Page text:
Going to the ballpark, visiting friends and playing bingo are simple diversions for many of us. But for the elderly, these social pastimes may play a critical role in preserving their physical and mental health.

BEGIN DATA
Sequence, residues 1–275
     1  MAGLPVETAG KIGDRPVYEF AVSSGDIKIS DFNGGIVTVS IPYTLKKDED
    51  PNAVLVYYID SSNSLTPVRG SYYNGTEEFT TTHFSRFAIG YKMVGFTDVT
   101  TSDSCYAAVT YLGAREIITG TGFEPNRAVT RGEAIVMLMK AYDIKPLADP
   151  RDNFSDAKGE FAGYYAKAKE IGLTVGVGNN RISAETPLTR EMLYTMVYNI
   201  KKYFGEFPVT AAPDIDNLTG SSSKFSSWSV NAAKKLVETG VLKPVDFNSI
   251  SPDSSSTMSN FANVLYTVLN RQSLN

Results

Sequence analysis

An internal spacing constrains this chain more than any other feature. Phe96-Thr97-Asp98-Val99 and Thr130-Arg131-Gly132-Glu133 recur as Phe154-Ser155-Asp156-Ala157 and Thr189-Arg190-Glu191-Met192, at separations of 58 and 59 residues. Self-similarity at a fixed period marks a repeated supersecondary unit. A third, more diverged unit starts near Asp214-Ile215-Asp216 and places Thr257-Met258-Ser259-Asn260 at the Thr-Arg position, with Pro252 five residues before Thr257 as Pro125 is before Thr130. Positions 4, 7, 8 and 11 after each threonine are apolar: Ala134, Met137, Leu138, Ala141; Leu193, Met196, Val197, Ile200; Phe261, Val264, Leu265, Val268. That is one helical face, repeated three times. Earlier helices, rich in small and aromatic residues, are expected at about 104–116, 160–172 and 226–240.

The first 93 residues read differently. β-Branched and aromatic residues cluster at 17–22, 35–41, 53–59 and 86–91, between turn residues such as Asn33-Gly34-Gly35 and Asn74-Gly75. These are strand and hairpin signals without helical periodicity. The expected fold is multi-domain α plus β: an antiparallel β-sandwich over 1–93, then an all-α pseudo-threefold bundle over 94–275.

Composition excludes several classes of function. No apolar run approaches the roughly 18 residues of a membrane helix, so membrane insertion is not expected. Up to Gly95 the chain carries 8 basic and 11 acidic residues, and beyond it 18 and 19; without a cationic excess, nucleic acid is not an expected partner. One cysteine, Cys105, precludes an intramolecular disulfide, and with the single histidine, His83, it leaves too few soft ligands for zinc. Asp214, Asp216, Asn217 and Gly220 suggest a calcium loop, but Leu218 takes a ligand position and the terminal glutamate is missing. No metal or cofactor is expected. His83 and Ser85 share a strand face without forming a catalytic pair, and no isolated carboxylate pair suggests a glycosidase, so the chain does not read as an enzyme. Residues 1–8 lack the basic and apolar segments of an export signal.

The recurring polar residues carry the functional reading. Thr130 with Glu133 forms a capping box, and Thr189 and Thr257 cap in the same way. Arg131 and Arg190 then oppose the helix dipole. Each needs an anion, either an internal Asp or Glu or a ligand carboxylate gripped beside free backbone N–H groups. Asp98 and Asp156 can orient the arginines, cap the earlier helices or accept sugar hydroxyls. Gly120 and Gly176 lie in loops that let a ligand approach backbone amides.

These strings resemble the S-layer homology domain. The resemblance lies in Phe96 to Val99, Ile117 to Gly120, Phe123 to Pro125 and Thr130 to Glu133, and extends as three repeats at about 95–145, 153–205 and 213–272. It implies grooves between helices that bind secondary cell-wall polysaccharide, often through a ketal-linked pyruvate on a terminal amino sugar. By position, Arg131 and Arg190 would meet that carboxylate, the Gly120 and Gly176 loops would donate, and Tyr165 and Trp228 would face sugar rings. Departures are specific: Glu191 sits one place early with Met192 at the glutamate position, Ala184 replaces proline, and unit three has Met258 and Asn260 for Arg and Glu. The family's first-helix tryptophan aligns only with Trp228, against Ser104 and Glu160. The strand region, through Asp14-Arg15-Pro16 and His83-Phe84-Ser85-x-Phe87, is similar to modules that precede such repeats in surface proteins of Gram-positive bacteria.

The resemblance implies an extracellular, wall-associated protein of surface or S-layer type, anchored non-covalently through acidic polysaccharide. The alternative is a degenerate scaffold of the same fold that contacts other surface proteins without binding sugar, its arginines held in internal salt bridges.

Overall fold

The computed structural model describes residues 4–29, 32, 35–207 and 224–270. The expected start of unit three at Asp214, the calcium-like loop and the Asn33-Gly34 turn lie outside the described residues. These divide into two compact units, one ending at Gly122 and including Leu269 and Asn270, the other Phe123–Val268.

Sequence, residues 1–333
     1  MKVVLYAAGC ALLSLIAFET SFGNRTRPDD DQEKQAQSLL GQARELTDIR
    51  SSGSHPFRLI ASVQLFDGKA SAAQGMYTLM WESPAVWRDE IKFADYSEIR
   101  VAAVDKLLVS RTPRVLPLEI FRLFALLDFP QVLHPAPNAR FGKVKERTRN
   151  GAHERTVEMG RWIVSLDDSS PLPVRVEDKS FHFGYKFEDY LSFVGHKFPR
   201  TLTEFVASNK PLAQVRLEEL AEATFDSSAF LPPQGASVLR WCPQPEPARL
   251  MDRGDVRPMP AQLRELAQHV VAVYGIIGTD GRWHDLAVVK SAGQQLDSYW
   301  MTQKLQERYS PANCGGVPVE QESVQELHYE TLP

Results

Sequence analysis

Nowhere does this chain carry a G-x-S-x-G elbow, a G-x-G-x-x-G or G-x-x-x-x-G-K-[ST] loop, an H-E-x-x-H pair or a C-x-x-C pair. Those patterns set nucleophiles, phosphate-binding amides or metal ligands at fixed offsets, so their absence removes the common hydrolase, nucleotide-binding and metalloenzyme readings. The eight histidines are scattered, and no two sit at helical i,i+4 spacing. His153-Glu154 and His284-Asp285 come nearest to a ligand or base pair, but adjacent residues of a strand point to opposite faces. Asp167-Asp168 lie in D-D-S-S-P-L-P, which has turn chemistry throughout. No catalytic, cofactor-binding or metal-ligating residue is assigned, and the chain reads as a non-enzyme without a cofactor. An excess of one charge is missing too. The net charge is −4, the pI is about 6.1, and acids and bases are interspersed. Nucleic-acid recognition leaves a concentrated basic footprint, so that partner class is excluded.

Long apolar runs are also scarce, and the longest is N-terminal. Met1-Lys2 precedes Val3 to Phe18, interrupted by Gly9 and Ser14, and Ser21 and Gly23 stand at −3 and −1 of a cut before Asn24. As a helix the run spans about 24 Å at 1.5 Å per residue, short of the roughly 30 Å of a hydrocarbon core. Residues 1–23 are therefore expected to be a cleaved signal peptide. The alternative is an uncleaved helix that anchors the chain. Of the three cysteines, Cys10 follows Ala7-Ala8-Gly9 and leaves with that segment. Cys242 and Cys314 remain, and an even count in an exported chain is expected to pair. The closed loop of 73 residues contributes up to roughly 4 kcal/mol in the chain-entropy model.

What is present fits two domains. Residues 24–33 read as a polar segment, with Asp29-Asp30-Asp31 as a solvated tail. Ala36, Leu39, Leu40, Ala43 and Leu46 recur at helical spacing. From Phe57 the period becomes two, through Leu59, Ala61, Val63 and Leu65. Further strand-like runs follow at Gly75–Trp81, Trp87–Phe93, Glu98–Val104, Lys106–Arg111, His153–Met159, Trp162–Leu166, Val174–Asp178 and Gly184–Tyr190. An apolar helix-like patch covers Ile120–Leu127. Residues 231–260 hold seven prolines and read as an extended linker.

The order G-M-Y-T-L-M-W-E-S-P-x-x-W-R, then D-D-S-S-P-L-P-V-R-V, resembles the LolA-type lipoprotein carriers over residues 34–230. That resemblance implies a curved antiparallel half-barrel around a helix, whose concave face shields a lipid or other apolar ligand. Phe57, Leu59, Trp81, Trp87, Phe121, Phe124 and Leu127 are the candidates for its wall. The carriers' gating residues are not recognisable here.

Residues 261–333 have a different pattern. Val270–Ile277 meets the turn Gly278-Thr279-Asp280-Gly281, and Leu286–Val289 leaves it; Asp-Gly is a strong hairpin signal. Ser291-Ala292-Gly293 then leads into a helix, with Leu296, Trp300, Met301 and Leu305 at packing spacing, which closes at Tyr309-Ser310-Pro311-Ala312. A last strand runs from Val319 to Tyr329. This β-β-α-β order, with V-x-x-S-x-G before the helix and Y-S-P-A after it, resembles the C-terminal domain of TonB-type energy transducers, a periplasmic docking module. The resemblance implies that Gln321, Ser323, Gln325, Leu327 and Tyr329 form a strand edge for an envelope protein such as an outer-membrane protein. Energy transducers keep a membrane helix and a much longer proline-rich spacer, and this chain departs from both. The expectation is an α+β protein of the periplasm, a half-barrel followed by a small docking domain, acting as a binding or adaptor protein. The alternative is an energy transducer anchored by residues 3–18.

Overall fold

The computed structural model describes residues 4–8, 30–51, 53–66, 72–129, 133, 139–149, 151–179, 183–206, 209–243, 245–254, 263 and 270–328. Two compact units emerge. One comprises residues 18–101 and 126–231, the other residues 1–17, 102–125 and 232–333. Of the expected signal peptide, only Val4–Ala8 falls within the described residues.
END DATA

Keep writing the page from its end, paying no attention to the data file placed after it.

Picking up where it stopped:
In fact, a new study suggests that the less time older people spend engaged in social activity, the faster their motor function tends to decline. "Everybody in their 60s, 70s and 80s is walking more slowly than they did when they were 25," says Dr. Aron Buchman, a neurologist at the Rush University Medical Center in Chicago and lead author of the study, which was published in the June 22 issue of the Archives of Internal Medicine. "Our study shows the connection between social activity and motor function -- and opens up a whole new universe of how we might intervene."